“Got kitesurfing on the mind, mixed with some search & classification tech, and a dab of political ranting”

/ROOT Markets, a bet on a future that data companies haven’t yet figured out

Posted by direwolff on March 18, 2006

I previously wrote about the challenges facing ROOT Markets in the following post.  Having recently attended the SDForum’s Search SIG (special interest group), I was able to give some more thought to the issues of attention raised by the panel which included Seth Goldstein (ROOT Markets founder and co-founder of the AttentionTrust), Dave Sifry (Technorati founder), Mike Arrington (of TechCrunch fame and Edgeio founder), Gabe Rivera (Memeorandum founder) and Steve Gilmour (writer, pundit, co-founder of the AttentionTrust).

In order to understand what’s being done around enabling people to track and manage their online attention, it’s worth perusing the AttentionTrust site, where you can learn about the Attention Recorder.

What’s really interesting here is that in today’s world, there are many large data companies that track a lot of information about consumers, whether it be the credit card companies tracking transactions, or companies like Axiom that track our demographics and geographical locations, or be it companies like TRW and others that track our credit.  In none of these cases, do consumers opt-in to participate, but that doesn’t stop these companies from having information on us from which they generate substantial sums.  While we’re able to some times see the information they’ve kept on us, more frequently we’re not, nor are we able to participate in its ownership.  Now this is the world that we have lived in, but it is not the world we will be living in soon.

The Web has changed everything, to the extent that large numbers of people are beginning to move more and more of their activities online.  Whether it be their financial activities (ie. bill payment, fund transfers, stock transactions, etc.), or shopping (ie. books, toys, electronics, clothes, flowers, etc.), or read the news, or order their Fast-Trak, go to driving school, rent a cabin in Yosemite, make travel plans, order pizza, research and arrange an appointment with a real-estate agent, choose and buy a car, etc…  More and more of our transactional activities are being made possible online.  The economies of scale make this direction worthwhile for both the providers of these services who can now reduce their physical world dependencies and high costs, and it’s worthwhile for consumers since they can now interact with the service providers more conveniently and at any time.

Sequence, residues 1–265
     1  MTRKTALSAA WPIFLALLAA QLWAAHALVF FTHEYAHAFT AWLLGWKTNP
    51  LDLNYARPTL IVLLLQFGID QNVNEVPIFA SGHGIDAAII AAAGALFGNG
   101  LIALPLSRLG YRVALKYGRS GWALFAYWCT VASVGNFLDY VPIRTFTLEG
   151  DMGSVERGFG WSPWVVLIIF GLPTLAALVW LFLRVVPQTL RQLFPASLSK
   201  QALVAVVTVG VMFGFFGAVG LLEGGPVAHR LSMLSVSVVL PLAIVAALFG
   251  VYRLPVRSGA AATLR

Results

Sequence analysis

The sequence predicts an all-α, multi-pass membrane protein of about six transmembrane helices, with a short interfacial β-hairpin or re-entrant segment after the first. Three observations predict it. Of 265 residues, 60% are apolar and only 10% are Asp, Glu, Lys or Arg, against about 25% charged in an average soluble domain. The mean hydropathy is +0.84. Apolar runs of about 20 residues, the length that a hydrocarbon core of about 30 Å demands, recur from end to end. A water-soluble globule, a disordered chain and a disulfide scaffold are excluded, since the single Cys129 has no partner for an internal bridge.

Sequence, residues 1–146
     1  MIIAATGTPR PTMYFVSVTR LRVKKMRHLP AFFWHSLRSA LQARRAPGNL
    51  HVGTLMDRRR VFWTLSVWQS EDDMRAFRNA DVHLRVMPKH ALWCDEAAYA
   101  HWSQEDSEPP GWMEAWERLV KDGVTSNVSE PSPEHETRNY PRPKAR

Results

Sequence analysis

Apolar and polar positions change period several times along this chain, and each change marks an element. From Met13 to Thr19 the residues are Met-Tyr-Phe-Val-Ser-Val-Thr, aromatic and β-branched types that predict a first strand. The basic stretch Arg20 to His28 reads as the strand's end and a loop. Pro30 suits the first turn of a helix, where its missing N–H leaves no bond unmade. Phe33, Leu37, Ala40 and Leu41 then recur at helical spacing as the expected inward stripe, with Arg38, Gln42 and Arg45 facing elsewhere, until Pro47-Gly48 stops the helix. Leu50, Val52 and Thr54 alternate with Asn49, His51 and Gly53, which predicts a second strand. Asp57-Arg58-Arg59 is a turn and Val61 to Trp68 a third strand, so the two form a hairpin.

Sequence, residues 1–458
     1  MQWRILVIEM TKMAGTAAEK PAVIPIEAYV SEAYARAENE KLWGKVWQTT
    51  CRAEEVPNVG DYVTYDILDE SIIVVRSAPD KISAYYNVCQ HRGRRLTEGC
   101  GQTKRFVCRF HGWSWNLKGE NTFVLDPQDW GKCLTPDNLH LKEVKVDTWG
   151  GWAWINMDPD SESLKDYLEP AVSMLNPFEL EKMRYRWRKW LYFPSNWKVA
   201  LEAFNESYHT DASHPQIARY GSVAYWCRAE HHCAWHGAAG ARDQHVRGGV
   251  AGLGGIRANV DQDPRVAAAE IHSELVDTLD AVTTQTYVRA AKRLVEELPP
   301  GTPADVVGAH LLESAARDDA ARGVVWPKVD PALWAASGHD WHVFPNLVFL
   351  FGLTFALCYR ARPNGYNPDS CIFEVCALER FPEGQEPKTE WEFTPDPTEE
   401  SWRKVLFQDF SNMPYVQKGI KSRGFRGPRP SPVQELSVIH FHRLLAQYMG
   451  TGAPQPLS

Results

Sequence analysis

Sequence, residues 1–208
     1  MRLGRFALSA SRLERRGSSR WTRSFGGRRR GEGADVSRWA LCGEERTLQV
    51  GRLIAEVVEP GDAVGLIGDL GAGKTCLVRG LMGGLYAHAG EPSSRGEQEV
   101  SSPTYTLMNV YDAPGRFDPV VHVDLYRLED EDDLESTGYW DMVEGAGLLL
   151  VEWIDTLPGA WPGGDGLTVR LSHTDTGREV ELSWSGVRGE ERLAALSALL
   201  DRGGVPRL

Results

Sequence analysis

So where is the new data frontier for the old data providers.  Afterall, their previous tracking of data was towards selling it to other institutions who needed to know credit information, or in more frequent cases, companies that wanted access to marketing lists for direct mail offers.  With so much activity moving online, knowing an individual’s clickstream could become the next panacea.  Well, most consumers never really understood the depth to which data about them was being collected and sold.  But much has been made about this over the past 10 years, and while most people see no way out of it, they’re at least aware of this.  So with a proposition that states that people can not only share in the ownership of their own data, but can actually do useful things with it, you have to believe that AttentionTrust has fired a shot across the bows of the data collectors and aggregators that may take them a little while to realize, but could materially change the economics of the next generation of data.

If by knowing more about what people give their attention to, it helps determine their intentions, and they are willing to be participants and beneficiaries of the resulting activities, offers, and incentives that will be derived from such a system, then there is indeed a very large opportunity being created here that will empower consumers, merchants and service providers.  This also could disintermediate the data aggregators of yesteryear, who have honestly behaved very badly at the expense of ordinary people.  I have written about ChoicePoint in the past as one example, but they’re not the only ones.  This is indeed the dawning of an age that returns control of our information and our intentions back to us.

My advice is that you keep an eye on both the and /ROOT Markets, as these two groups are starting what Mark Pincus frequently refers to as a revolution of the ants.  That’s us people!!!…and it’s a good thing.


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